The international community has to be very careful to understand that community policing, a concept so widely defined that it has largely lost its meaning, is about reforming the police so they may develop the capacity, both individual and institutional, to collaborate with the communities they police, not the other way around. In its intended form, community policing requires a significant amount of police structure, management, discipline, practices, and processes that clearly guide both police conduct and community expectations. While the police is a security force, it must be developed as a service in which individual officers have enough training, education, and practices to be able to exercise the discretion which is inherent in policing. The police service can only function when sensitive to social ills, root causes of crime. Police officers have a lot of discretion when they respond to calls for help or to address a threat. Discretion is power and institutions have to guide the exercise of that power. The community can and should define security needs and cooperate with the police to address those — or to develop the capacity to do so but their role is different than that of the police. Victimization surveys show that if the police are not perceived as efficient, protective, and service-oriented, the public will not come to them. When that happens, communities will continue to resort to vigilantism for protection. And the cycle of violence continues as does the insecurity.
If there are people in the community who want to serve by providing security, they could join the ranks, train and deploy as official police or they can serve as community leaders who liaise/partner with the police to ensure policing takes place while ensuring continued collaboration that is so crucial to secure environments. This is a core principle of community policing. These community-minded individuals are the cornerstone of a peaceful society. Being vigilant is important for any community. This will help establish ethos that will strengthen police capacity to deal with crime and violence in a sustainable way. Informal enforcement mechanisms in the name of local culture only entrench tribalism and adhocism. Customary governance mechanisms can be creatively coopted where necessary but making police subservient to such norms can hardly bring change to societies.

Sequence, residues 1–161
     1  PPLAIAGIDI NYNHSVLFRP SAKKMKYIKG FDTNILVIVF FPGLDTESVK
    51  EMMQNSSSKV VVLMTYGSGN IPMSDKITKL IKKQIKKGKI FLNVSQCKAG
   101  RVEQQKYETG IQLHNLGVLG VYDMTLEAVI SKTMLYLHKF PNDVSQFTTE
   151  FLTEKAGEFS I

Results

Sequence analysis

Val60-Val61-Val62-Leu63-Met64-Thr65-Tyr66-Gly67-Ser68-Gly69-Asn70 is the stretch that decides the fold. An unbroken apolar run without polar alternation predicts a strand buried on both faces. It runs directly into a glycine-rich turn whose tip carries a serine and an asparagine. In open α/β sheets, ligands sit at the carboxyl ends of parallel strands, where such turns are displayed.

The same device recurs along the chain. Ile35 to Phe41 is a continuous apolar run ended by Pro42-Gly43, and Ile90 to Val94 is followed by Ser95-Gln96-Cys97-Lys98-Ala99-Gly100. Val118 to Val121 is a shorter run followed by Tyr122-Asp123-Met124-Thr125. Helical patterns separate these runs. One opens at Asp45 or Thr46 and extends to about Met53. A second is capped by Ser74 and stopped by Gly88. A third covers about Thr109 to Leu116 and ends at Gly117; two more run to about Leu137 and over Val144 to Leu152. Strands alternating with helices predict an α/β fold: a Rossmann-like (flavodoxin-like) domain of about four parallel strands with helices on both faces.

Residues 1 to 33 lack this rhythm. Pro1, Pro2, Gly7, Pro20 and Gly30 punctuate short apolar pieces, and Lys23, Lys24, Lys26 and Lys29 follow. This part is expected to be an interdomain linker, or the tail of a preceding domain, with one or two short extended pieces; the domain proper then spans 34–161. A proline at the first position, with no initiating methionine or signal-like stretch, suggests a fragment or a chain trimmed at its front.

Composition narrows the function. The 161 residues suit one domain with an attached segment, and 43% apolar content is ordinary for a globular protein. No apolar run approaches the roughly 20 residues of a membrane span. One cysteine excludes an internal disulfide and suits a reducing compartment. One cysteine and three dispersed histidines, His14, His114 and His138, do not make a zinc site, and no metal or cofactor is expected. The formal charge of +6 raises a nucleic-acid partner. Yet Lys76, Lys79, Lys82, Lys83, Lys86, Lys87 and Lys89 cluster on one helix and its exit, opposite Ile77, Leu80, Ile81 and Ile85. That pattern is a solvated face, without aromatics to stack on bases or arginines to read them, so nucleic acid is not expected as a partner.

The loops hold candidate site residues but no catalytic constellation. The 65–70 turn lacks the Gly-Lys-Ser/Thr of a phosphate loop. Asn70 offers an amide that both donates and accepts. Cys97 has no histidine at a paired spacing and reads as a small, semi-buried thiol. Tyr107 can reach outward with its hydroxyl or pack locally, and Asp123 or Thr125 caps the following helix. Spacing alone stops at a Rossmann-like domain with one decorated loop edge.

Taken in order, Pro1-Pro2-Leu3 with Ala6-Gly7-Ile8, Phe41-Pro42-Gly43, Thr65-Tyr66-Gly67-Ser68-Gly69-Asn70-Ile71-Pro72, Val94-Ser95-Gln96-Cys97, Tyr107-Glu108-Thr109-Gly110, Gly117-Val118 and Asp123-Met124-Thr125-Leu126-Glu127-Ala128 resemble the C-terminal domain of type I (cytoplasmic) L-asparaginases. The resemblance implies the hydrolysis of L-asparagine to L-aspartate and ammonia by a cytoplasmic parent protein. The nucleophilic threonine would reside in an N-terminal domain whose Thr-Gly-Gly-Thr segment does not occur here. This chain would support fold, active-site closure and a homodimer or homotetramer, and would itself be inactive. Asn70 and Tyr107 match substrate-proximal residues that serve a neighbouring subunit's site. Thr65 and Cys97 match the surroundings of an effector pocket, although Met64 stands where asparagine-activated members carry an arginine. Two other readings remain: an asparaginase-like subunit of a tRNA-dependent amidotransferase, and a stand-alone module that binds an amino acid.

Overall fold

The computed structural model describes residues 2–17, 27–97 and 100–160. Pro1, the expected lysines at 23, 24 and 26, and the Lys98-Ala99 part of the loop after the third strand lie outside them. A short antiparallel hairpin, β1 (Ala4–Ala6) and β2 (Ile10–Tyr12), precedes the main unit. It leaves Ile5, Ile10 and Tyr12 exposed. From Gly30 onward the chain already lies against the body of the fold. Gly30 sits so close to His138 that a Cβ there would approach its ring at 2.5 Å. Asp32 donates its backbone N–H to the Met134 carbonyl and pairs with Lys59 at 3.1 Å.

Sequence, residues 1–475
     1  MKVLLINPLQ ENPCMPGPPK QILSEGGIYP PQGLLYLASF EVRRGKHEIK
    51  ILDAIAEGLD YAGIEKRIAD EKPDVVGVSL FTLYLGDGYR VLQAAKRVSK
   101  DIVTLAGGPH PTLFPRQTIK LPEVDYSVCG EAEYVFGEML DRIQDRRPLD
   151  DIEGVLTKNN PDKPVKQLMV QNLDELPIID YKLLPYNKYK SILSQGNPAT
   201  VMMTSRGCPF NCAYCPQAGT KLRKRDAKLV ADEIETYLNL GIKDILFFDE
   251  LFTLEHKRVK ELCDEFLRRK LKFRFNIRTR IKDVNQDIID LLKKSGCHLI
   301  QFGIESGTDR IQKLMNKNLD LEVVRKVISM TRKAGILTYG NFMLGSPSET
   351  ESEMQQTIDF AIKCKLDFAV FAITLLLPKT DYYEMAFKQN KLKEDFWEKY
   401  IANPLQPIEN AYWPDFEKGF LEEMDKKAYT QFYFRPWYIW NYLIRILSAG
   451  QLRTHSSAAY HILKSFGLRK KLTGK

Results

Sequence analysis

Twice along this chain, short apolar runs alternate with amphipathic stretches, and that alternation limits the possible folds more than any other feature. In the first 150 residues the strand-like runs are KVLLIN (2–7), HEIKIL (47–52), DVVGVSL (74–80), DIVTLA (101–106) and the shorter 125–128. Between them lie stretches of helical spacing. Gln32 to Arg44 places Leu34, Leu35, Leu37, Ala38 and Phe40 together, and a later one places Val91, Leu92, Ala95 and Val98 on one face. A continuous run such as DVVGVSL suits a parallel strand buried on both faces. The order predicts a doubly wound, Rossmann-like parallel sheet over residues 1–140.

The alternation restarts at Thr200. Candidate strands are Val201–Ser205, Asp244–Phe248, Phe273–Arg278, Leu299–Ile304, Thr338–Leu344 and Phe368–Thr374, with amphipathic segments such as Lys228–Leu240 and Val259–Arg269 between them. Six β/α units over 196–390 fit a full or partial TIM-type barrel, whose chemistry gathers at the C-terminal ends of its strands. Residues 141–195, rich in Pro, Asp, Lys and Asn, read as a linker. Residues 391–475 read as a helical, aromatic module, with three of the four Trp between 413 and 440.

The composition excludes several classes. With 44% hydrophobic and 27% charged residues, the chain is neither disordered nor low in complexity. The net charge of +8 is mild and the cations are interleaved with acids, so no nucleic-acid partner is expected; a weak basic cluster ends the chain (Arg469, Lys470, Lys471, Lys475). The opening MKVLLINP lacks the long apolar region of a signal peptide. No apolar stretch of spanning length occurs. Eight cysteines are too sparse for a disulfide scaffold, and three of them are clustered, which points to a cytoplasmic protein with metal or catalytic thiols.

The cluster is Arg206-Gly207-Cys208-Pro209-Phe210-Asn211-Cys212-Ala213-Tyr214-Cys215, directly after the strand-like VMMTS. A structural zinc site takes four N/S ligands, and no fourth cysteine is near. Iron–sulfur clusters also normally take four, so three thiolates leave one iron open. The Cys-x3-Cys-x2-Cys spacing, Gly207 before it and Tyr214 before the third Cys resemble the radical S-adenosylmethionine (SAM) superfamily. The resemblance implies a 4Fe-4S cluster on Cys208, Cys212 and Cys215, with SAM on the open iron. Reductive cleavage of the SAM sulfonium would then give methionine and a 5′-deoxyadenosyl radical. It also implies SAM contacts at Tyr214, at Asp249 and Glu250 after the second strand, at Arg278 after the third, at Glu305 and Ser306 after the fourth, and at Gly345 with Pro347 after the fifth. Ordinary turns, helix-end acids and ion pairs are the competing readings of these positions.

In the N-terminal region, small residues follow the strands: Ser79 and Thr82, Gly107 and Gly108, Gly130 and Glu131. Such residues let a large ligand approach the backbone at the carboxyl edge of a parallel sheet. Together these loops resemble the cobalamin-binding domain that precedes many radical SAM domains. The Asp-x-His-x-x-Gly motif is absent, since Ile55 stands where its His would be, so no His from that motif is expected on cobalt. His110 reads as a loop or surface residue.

Investment in police reform and broader criminal justice system is a viable as well as the most constructive approach, albeit the most difficult path to take. All in all, police reform efforts must address the police culture of violence and corruption as well as the institutional failure more than image building and assuming roles that are not core policing responsibilities. Incidentally, the most critical aspects of standard police reform are features that are considered least relevant for militias: following merit in recruitment, professional training, strict adherence to law, and forensic support in investigations and prosecution. These are exactly the areas where international funding efforts must focus.